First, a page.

I asked her if she thought the part of the course that says you legally have to report neglect and abuse was optional.

Then I got my money back.

My sister let me know that the Owners of the facility decided to follow the law and got a case worker for that woman who found her family and was able to properly move her into a cheaper facility instead of dumping her on the street at a strangers door.

Which they should have done in the first place.

But packing her up and throwing out in the street was far quicker and cheaper. So that’s what they did. Had so many people not fought for her they might have gotten away with that.

I’m not surprised another facility resorted to having that 93 year old arrested. Majority of care facilities are all about money first and the actual residents well being last.

23 May 15:56

Google Is Paying Reddit $60 Million for Fucksmith to Tell Its Users to Eat Glue

by Jason Koebler
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Google Is Paying Reddit $60 Million for Fucksmith to Tell Its Users to Eat Glue

The complete destruction of Google Search via forced AI adoption and the carnage it is wreaking on the internet is deeply depressing, but there are bright spots. For example, as the prophecy foretold, we are learning exactly what Google is paying Reddit $60 million annually for. And that is to confidently serve its customers ideas like, to make cheese stick on a pizza, “you can also add about 1/8 cup of non-toxic glue” to pizza sauce, which comes directly from the mind of a Reddit user who calls themselves “Fucksmith” and posted about putting glue on pizza 11 years ago.

Screenshots of Google’s AI search going awry have gone repeatedly viral and highlight how hellbent the company is on giving its customers the most frustrating possible user experience while casually destroying the livelihoods of people who work for or make websites. They also highlight the fact that Google’s AI is not a magical fountain of new knowledge, it is reassembled content from things humans posted in the past indiscriminately scraped from the internet and (sometimes) remixed to look like something plausibly new and “intelligent.”

A joke that people made when Google and Reddit announced their data sharing agreement was that Google’s AI would become dumber and/or “poisoned” by scraping various Reddit shitposts and would eventually regurgitate them to the internet. (This is the same joke people made about AI scraping Tumblr). Giving people the verbatim wisdom of Fucksmith as a legitimate answer to a basic cooking question shows that Google’s AI is actually being poisoned by random shit people say on the internet. It is an indictment of Google’s artificial “intelligence,” not of Reddit or of the internet’s shitposters.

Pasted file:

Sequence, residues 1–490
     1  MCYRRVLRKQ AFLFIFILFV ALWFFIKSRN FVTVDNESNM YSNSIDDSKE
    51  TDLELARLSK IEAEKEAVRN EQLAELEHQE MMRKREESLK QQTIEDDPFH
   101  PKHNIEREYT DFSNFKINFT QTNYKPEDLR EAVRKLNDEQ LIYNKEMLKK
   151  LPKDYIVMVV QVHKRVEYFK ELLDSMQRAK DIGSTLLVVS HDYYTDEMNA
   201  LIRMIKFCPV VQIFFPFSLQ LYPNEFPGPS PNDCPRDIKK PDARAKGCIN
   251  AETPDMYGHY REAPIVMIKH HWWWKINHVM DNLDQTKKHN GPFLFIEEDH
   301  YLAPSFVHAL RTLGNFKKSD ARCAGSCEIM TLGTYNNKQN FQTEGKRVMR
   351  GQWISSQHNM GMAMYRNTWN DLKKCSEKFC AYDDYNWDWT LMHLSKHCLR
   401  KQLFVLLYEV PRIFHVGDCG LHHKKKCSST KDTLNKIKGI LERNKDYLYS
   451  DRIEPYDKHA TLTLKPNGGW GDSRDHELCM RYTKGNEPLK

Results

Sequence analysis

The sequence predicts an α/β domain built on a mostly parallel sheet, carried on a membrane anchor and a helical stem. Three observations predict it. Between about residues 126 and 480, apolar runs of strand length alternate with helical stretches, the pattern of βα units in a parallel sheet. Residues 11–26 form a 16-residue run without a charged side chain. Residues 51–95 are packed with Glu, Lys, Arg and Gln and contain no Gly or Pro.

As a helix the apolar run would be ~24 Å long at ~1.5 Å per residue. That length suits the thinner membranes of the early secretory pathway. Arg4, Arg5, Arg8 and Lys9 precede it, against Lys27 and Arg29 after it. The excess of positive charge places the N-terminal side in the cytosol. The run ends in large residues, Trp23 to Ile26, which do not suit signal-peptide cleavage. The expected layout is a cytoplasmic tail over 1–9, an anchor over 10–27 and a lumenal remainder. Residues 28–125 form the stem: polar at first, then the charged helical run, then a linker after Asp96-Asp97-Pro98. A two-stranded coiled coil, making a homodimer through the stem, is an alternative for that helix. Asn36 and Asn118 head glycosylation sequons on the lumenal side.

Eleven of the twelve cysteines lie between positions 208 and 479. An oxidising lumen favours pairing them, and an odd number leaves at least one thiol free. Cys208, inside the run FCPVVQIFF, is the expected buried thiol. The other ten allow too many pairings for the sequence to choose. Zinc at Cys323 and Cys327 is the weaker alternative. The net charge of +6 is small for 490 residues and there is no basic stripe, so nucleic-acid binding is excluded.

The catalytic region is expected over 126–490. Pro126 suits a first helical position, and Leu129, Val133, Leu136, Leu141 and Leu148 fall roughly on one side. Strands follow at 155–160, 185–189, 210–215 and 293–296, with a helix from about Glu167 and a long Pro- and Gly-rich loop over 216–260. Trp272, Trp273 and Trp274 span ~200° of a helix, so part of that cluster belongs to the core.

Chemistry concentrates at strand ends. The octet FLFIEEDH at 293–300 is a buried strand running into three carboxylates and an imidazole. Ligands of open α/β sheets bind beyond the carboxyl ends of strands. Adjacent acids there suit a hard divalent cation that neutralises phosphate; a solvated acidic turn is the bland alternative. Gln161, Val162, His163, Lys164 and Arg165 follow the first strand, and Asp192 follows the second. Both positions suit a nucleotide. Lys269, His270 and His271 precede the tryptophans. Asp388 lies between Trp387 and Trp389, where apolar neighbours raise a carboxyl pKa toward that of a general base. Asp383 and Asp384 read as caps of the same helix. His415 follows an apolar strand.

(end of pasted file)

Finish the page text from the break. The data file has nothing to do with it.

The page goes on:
23 May 15:48

“Did you know the Italians have 200 different words for pasta?”

ringtailrodeo:

alliedisastermaster:

tulunnguaq:

ultratangerine:

tulunnguaq:

tulunnguaq:

“Did you know the Italians have 200 different words for pasta?”

Now available in Inuktitut syllabics.

I beg your pardon?? Italians have more than 250 words for pasta (or even 400, if we count all the types that aren’t on the market anymore)

That’s the trouble with the Inuit. Always underestimating the true number of Italian words for pasta.

The world vs. Italy when the topic is pasta

>that aren’t on the market anymore

I’m sorry, are you saying Italy as a whole just straight up retires types of pastas like LEGO sets?

22 May 22:30

It’s like how conservatives regularly insist that businesses have every right to discriminate when…

theconcealedweapon:

It’s like how conservatives regularly insist that businesses have every right to discriminate when deciding who works for them but shit themselves when a business won’t hire unvaccinated people.

22 May 17:48

To The Person Who Walked Past The Window - Jordan Bolton

jordanbolton:

To The Person Who Walked Past The Window - Jordan Bolton

My first book ‘Blue Sky Through the Window of a Moving Car’ is now available to pre-order! Get it here - https://smarturl.it/BlueSky

22 May 16:13

Computers are very simple you see we take the hearts of dead stars and we flatten them into crystal…

asteroidtroglodyte:

feyosha:

feyosha:

Computers are very simple you see we take the hearts of dead stars and we flatten them into crystal chips and then we etch tiny pathways using concentrated light into the dead star crystal chips and if we etch the pathways just so we can trick the crystals into doing our thinking for us hope this clears things up.

How does it feel to be the most Galaxy Brained person in this entire thread

Well that certainly belongs on the post

22 May 02:31

Perhaps one of the most succinct depictions of the importance of recognizing journalistic tone

powerbottombrucespringsteen:

Perhaps one of the most succinct depictions of the importance of recognizing journalistic tone

21 May 23:29

When you let your dog raise a kitten

Cary